Haley Calls for Ignoring 'Angriest Voices'

Haley Calls for Ignoring 'Angriest Voices'
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CHARLESTON, S.C. -- Nikki Haley's response to the president's State of the Union address on behalf of the GOP was much more a rebuttal to the Donald Trump-style of politics that has tainted her party in the race to succeed Barack Obama.

"During anxious times, it can be tempting to follow the siren call of the angriest voices. We must resist that temptation," the South Carolina governor said from the statehouse in Columbia, S.C., Tuesday night.

Haley, a daughter of Indian immigrants and considered a rising star in the Republican Party, did not mention Trump by name. But her target was clear.

"No one who is willing to work hard, abide by our laws, and love our traditions should ever feel unwelcome in this country," she said in a speech that received bipartisan praise.

Haley's call for inclusion along with conservative policies was reminiscent of goals set out by the GOP after election losses in 2012, when the party pledged to expand its reach, particularly to women and minority voters. The tone and rhetoric of her remarks also affirmed why she is often considered to be a potential vice presidential pick.

Just not likely in a Trump administration.

The governor's State of the Union response underscored how just how differently GOP leaders and the frontrunner for the presidential nomination view the future of the party.

Last weekend, while House Speaker Paul Ryan held a poverty summit here in South Carolina, Donald Trump rallied supporters in Iowa. The billionaire businessman continues to lead the Republican field in most early state and national polls, with calls to build a wall along the southern border, ban Muslims from coming to the United States, and deport undocumented immigrants. His pitch, which also hits populist themes, disregards political correctness and rages against politics as usual, has garnered consistent support in this era of the angry and anxious voter.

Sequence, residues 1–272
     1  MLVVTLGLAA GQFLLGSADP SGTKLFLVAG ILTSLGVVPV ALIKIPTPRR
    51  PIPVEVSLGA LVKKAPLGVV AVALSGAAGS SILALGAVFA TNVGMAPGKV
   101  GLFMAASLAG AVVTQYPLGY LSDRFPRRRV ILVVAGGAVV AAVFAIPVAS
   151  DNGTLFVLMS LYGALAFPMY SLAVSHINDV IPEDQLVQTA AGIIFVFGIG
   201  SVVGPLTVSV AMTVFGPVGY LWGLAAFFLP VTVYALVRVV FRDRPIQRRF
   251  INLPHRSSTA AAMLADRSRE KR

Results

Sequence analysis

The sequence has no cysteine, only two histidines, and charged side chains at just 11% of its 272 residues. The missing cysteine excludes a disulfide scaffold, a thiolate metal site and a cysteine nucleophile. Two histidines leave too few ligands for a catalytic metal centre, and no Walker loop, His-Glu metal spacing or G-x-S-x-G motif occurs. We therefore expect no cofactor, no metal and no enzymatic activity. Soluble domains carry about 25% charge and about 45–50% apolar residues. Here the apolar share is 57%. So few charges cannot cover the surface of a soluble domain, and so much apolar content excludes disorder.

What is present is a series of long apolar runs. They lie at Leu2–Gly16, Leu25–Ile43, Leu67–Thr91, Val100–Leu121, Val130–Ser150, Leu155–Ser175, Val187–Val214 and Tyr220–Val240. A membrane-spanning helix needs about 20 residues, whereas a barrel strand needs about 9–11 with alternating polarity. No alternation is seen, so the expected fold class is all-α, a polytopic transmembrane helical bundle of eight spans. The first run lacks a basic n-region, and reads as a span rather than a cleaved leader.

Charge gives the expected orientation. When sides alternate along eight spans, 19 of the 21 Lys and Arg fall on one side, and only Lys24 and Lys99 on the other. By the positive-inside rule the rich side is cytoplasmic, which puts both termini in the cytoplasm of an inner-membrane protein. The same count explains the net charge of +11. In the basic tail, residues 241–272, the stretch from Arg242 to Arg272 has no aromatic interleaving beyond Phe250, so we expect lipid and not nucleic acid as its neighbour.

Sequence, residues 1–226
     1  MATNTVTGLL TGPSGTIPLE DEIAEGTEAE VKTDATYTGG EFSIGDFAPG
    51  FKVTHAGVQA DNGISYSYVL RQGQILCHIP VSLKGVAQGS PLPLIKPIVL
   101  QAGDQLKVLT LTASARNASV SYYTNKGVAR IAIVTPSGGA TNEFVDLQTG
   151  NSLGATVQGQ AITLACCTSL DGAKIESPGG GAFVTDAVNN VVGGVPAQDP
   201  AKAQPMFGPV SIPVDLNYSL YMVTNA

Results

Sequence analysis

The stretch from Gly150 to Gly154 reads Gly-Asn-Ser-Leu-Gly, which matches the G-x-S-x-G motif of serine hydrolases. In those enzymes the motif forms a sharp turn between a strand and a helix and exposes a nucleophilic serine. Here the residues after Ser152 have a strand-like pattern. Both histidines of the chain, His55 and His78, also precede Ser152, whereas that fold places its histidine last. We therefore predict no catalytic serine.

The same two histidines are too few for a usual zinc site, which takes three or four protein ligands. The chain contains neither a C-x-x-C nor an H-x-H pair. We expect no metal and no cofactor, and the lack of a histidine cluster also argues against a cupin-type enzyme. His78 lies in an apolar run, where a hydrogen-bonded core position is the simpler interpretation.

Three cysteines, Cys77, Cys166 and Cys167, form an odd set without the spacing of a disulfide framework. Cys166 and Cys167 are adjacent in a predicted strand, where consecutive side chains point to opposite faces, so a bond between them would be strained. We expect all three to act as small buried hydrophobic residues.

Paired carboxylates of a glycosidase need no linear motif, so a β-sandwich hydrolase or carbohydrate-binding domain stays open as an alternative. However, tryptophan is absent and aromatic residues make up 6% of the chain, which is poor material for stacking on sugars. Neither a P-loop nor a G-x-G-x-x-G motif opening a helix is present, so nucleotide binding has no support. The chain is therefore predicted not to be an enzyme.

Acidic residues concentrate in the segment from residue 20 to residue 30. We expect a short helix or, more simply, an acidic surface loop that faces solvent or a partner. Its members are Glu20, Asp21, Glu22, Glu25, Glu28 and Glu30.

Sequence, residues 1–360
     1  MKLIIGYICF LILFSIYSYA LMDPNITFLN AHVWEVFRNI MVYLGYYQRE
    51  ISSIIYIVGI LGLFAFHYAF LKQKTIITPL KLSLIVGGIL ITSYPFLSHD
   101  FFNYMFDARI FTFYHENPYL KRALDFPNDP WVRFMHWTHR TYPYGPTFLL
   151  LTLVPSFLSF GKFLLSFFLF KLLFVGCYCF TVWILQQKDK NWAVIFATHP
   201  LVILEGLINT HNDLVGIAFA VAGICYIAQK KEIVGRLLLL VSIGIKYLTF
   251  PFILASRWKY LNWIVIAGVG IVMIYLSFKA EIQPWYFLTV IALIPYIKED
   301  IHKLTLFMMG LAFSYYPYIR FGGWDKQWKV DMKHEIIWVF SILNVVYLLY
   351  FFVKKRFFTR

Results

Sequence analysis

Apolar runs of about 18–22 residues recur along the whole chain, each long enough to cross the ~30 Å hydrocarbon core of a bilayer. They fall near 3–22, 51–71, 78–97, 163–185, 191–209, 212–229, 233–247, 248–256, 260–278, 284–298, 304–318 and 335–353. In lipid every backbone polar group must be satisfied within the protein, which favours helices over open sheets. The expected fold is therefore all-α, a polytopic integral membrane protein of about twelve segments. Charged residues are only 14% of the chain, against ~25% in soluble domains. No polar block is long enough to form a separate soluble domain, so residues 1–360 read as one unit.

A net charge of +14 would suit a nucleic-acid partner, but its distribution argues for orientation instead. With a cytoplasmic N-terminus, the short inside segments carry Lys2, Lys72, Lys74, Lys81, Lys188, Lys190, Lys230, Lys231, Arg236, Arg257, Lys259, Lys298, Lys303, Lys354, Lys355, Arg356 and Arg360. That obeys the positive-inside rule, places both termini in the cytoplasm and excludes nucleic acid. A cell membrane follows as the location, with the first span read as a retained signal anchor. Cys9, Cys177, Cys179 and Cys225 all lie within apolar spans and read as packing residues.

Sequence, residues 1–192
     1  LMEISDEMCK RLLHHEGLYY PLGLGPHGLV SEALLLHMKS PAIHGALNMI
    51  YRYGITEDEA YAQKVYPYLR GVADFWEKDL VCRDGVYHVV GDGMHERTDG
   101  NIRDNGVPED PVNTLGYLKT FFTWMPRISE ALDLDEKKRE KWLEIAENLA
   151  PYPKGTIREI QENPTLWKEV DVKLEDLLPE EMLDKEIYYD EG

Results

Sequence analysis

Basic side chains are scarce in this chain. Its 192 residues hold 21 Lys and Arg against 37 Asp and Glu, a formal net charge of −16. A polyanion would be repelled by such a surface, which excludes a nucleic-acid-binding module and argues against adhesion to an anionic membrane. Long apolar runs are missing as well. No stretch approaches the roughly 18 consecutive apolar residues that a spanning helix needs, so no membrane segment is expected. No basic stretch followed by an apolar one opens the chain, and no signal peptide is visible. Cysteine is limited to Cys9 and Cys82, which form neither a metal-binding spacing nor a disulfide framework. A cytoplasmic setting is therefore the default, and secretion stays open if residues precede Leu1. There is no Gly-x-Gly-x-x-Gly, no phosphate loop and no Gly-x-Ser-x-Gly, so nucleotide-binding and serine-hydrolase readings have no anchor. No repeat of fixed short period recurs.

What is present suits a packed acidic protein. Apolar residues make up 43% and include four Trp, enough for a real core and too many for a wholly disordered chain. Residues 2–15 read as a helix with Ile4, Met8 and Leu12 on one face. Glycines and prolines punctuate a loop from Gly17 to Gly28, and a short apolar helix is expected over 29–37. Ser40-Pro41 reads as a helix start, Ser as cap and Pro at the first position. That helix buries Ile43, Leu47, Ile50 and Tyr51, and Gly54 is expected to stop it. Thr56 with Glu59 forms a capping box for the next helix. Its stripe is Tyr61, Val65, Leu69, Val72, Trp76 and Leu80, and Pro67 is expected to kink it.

Invoking her immigrant heritage, Haley recalled growing up in the South where "my family didn't look like our neighbors."

The second-term governor said the broken immigration system needs to be fixed, and solutions do not include opening the borders or continuing to allow immigrants to come here illegally. And in an age of terrorism, Haley advocated for proper vetting of refugees. Immigration reform, she said, should include "welcoming properly vetted legal immigrants, regardless of their race or religion. Just like we have for centuries."

House Speaker Paul Ryan, who picked Haley to deliver the GOP response, applauded her remarks. "The vision she outlined for our country was inclusive and optimistic and, perhaps most important, it was grounded in reality," said Ryan.

But the governor also received backlash from some conservative activists. "Trump should deport Nikki Haley," Anne Coulter tweeted. "Too bad @NikkiHaley missed her oppty to stand w/ working ppl who want borders enforced, American workers put first, govt shrunk," tweeted Laura Ingraham.

Haley was lauded by GOP leaders and many Democrats -- a combination that could fuel Trump's support.

Still, she seemed to recognize the stakes.

"There's a tendency to falsely equate noise with results," Haley said. "Some people think that you have to be the loudest voice in the room to make a difference. That is just not true."

Haley gained positive national attention for calling for the confederate flag to be removed from her statehouse grounds after the murders at a prominent black church in Charleston over the summer. She recalled the horrific killings Tuesday night, and said the way the city responded should serve as a model.

"We didn't turn against each other's race or religion," Haley said. "We removed a symbol that was being used to divide us."

Caitlin Huey-Burns is a national political reporter for RealClearPolitics. She can be reached at chueyburns@realclearpolitics.com. Follow her on Twitter @CHueyBurnsRCP.

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